Deep Learning Weekly Issue #178
Part 2 of our 2020 deep learning recap
|Matthew Moellman||Dec 30, 2020|
This week in deep learning we bring you Part 2 of our two-part 2020: Year in Review. We combed through every Deep Learning Weekly issue from 2020 and selected some of our favorite and some of the most popular stories of the year.
As always, happy reading and hacking. If you have something you think should be in the first issue of 2021, find us on Twitter: @dl_weekly.
Until next year!
Deepfakes Are Becoming the Hot New Corporate Training Tool
Coronavirus restrictions make it harder and more expensive to shoot videos. So some companies are turning to synthetic media instead.
Google’s TF-Coder tool automates machine learning model design
Researchers at Google Brain developed an automated tool for programming in machine learning frameworks like TensorFlow. They say it achieves better-than-human performance on some challenging development tasks.
40 Years on, PAC-MAN Recreated with AI by NVIDIA Researchers
GameGAN, a generative adversarial network trained on 50,000 PAC-MAN episodes, produces a fully functional version of the dot-munching classic without an underlying game engine.
The startup making deep learning possible without specialized hardware
GPUs have long been the chip of choice for performing AI tasks. Neural Magic wants to change that.
OpenAI’s new language generator GPT-3 is shockingly good—and completely mindless
GPT-3 is the largest language model ever created and can generate amazing human-like text on demand but won't bring us closer to true intelligence.
Shrinking deep learning's carbon footprint
Through innovation in software and hardware, researchers move to reduce the financial and environmental costs of modern artificial intelligence.
AlphaFold: a solution to a 50-year-old grand challenge in biology
In a major scientific breakthrough, the latest version of AlphaFold has been recognized as a solution to one of biology's grand challenges - the “protein folding problem”.
In firing Timnit Gebru, Google puts commercial interests ahead of ethics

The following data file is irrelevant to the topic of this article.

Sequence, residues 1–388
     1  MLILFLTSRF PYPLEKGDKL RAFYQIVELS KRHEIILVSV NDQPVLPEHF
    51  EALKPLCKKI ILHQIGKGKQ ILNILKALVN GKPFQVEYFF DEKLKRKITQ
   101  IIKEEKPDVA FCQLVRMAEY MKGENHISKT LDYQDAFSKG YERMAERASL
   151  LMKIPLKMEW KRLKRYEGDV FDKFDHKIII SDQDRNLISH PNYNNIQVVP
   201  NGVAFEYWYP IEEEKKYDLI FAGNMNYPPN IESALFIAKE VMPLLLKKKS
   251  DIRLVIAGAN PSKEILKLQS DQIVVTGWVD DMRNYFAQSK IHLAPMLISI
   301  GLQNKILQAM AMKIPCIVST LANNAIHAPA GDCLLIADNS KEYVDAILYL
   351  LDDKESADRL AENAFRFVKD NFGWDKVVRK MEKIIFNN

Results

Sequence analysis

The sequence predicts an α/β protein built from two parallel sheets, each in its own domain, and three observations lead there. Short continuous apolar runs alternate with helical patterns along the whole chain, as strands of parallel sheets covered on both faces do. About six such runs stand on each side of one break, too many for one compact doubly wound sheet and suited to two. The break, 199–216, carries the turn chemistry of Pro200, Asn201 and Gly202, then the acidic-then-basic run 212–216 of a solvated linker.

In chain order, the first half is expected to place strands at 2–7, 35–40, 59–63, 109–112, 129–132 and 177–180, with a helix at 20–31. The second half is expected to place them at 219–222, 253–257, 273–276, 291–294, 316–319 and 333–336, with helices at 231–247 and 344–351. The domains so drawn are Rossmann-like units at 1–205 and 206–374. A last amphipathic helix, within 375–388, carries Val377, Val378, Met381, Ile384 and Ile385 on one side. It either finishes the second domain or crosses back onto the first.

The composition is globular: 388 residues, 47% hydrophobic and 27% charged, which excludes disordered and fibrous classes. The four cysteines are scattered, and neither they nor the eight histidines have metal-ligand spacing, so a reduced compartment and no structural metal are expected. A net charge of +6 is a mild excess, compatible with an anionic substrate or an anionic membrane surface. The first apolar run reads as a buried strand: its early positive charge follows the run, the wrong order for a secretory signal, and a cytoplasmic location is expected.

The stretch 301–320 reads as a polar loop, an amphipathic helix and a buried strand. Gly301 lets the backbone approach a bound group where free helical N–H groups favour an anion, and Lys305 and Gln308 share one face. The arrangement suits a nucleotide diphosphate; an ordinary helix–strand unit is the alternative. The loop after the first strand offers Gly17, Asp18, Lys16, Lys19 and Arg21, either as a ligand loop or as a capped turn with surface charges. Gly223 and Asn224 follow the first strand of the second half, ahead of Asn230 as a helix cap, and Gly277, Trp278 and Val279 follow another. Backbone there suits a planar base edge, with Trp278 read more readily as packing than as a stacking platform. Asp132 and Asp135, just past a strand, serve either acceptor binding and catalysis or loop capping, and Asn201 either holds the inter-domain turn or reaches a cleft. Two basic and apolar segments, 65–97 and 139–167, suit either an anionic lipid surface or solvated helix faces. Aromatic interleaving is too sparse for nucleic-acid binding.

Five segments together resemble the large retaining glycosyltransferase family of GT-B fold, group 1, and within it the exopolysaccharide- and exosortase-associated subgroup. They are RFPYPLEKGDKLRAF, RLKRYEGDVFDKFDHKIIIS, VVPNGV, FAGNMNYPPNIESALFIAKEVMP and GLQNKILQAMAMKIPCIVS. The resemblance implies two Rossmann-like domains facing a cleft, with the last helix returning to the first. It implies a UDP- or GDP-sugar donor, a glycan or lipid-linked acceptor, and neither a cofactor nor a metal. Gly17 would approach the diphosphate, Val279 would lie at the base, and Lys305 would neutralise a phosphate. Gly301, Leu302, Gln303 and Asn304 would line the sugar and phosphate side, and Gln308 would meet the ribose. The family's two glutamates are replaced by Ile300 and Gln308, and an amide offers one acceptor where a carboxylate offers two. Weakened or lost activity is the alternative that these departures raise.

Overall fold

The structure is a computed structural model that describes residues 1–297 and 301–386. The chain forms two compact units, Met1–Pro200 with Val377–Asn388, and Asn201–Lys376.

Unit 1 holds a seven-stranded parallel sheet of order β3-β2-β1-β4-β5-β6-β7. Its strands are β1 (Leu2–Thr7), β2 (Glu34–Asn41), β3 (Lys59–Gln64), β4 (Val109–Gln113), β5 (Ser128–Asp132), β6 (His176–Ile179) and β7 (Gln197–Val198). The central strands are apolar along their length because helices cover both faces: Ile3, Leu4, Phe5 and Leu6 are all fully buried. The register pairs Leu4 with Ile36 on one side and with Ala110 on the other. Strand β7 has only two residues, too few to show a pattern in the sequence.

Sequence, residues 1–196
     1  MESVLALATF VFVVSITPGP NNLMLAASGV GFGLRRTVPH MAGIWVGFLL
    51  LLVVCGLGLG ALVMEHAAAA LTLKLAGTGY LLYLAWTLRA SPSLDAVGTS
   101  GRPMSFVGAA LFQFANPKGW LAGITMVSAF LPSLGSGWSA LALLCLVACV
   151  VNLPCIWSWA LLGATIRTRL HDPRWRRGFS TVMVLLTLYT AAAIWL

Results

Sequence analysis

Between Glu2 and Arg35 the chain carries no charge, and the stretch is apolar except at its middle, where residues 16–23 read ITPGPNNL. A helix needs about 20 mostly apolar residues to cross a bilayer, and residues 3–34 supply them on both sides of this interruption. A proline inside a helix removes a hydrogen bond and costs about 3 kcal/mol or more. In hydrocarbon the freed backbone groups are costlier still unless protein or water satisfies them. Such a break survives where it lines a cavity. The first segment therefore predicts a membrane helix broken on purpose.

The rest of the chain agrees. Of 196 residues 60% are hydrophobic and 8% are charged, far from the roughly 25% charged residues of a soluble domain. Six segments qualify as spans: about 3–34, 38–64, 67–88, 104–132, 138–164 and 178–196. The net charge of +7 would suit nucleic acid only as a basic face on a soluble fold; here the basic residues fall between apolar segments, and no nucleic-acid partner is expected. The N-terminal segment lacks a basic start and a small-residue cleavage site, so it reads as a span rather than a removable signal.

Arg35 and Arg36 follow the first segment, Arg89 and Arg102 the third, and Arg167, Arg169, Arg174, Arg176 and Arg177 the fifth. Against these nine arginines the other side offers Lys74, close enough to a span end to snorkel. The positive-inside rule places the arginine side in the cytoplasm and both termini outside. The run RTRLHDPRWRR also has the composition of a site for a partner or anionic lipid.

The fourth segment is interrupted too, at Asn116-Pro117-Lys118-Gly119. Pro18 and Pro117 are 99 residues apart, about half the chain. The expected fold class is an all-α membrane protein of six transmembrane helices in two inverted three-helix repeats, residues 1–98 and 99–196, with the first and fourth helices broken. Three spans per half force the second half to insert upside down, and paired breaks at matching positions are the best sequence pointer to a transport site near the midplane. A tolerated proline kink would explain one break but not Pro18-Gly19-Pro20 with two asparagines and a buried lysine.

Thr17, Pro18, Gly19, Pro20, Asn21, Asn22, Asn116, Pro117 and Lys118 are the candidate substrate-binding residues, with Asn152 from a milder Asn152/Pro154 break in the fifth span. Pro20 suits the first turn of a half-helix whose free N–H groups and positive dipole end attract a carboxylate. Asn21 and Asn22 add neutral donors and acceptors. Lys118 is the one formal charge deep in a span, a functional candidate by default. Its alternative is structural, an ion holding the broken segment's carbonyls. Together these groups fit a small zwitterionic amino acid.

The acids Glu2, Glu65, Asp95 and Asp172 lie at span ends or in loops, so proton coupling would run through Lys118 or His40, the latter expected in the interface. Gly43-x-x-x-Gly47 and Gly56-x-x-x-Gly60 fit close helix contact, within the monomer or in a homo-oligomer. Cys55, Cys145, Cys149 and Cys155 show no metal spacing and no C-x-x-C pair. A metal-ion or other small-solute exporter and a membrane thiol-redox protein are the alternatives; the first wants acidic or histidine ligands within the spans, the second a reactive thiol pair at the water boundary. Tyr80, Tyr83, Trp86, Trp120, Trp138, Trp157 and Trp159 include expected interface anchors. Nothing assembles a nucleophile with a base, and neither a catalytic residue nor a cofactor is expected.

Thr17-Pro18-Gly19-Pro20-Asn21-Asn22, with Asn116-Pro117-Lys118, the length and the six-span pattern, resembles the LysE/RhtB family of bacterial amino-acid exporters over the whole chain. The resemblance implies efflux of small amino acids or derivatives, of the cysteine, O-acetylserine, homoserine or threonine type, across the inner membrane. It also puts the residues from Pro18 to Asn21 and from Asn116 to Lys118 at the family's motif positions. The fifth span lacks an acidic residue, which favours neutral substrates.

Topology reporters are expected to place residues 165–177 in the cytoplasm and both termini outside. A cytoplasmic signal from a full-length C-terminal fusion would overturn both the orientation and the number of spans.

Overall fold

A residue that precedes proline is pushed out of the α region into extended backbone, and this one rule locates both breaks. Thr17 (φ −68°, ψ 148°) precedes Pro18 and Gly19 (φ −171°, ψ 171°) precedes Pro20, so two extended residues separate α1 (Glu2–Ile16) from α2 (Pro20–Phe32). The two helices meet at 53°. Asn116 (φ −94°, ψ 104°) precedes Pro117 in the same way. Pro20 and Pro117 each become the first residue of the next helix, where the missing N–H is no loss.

Leading AI researcher Timnit Gebru was fired from her position on an AI ethics team at Google in what she claims was retaliation for sending colleagues an email critical of the company’s managerial practices.
Mobile + Edge
Blur tools for Signal
The messaging app Signal introduced a new face-blurring feature to protect people’s privacy.
Announcing Fritz AI’s Support for SnapML in Lens Studio
Enhance your Snapchat AR Lenses with machine learning.
Here’s why Apple believes it’s an AI leader—and why it says critics have it all wrong
Apple AI chief and ex-Googler John Giannandrea dives into the details with Ars Technica.
How Duolingo uses AI in every part of its app
This article is a close look at how Duolingo uses AI in all aspects of the app, including the AI behind Stories, Smart Tips, podcasts, reports, and even notifications.
The Future of Machine Learning: An Interview with Daniel Situnayake
Check out this interview for Daniel Situnayake’s perspective on all things TinyML.
In 2020, neural chips helped smartphones finally eclipse pro cameras
Thanks in large part to improved sensors and the neural cores in mobile processors made by Qualcomm and Apple, this was the year when standalone photo and video cameras were surpassed by smartphones in important ways.
Core ML and Vision Tutorial: On-device training on iOS
This tutorial introduces you to Core ML and Vision, two cutting-edge iOS frameworks, and how to fine-tune a model on the device.
How Big Should My Language Model Be?